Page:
While the process isn't perfect, scanning machines do exist to detect liquid explosives like the ones purportedly at the heart of the terrorist plot broken up this week.
But don't expect the machines to be rushed into airports soon. Cost and logistical issues present challenges for these devices.
Consider work that's been done at Rapiscan Systems, part of OSI Systems Inc.
Rapiscan is developing four kinds of devices — some based on technologies more than 10 years old — that can detect liquid or gel-based explosives. Two that would work on carry-on bags already have been tested by the Transportation Security Administration and "could be deployed this afternoon," said Peter Kant, the company's vice president for government affairs.
But none are being used in the United States. Some are in place overseas, though Kant said those aren't in airports.
One big reason is that it is not easy to integrate the explosive-detecting machines, some of which can cost $250,000, into existing security checkpoints. Because each briefcase, purse or other carry-on bag has to be put in a special drawer for analysis, using the detectors could significantly bog down passenger screening.
Homeland security analyst Brian Ruttenbur of Morgan Keegan Co. also points out that the technology still produces a relatively high number of false alarms.
For those reasons — and because there still has not been a successful attack using liquid explosives — Ruttenbur believes the TSA won't be pressed to overhaul the current screening regimen.
That would mean a continued reliance on systems not designed to stop liquid explosives. Metal detectors figure to remain the primary method, with the main secondary screening coming from "puffer" technology that blows air on people and sniffs the particles that emerge for suspicious materials.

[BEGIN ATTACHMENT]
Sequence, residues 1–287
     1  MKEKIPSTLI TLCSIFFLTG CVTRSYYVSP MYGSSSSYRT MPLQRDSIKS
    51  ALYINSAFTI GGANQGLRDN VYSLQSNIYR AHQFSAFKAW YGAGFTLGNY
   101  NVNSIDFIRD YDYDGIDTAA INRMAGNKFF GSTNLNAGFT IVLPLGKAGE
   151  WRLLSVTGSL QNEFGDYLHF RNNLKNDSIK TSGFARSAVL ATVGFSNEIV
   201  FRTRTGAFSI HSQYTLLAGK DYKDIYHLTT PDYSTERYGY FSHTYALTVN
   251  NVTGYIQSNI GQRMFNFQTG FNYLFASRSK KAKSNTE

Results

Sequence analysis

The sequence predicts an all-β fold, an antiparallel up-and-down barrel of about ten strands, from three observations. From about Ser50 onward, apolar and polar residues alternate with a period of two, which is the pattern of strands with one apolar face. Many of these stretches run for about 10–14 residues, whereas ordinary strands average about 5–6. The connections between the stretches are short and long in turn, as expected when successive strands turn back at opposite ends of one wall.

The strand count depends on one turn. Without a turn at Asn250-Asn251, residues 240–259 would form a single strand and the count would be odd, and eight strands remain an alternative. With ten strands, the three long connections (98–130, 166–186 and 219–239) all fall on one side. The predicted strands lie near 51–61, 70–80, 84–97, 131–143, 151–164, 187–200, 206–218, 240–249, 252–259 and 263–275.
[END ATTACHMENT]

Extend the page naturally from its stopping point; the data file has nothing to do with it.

For a machine to detect explosives in liquid or solid form, it bombards an object with energy — such as radio waves or neutrons — and in seconds measures the reaction, a response that differs depending on the material's chemical properties. Software in the machine is programmed to alert screeners if it detects chemical signatures known to match those of dangerous materials.
A key question, though, is whether this kind of detection system can realistically block terrorists from bringing seemingly innocuous liquids past security and combining them later to deadly effect.
Certainly, some common ingredients in liquid explosives can be programmed into the detector. But Kant, at Rapiscan, said he would not discuss the vulnerabilities of that approach. "Whether it detects the components of explosives and which ones, there's no way I'm putting that in print," he said.
Sean Moore, vice president of sales at a rival maker of explosive-detection systems, HiEnergy Technologies Inc., said future screening machines could be linked so that they might let a person through with one kind of liquid — but stop another traveler carrying another type of liquid that reacts explosively with what the previous person was carrying.
This list of liquids to watch for, he acknowledged, would have to be constantly updated as "terrorists become more ingenious."
That scenario, however, remains a ways off. Not only are security checkpoints not networked, but HiEnergy has not sold a single device for U.S. airports. Its main project so far involves field tests on unattended packages in Philadelphia with the Southeastern Pennsylvania Transportation Authority.
A totally different kind of scanning technology that already has begun to emerge, backscatter screening, has no automated ability to detect explosives. But its backers say it nonetheless could go a long way to halting plots like the one apparently thwarted this week.
Backscatter screening is much like traditional X-rays, except that the system sends more, but weaker, X-rays at an object. It can't penetrate skin, but it can reveal items under someone's clothes — such as a hidden bottle of liquid.
A major problem is that the view is so powerful that an individual's private parts can be seen, which forced the TSA to delay tests while vendors tweaked the machines' programming to distort or mask bodily images. And backscatter systems still leave it up to a human screener to recognize a suspicious item.
But Joe Reiss, vice president of marketing for backscatter vendor American Science and Engineering Inc., says it makes more sense to invest in $50,000 systems like his — which might help catch a wide variety of suspicious behavior — than to zero in on liquid explosives, the technique of the moment.
"The name of the game is to provide enhanced methods of detecting what people want to conceal," he said. "If you get too focused on a perfect solution for yesterday's problem, you might be missing the bigger picture."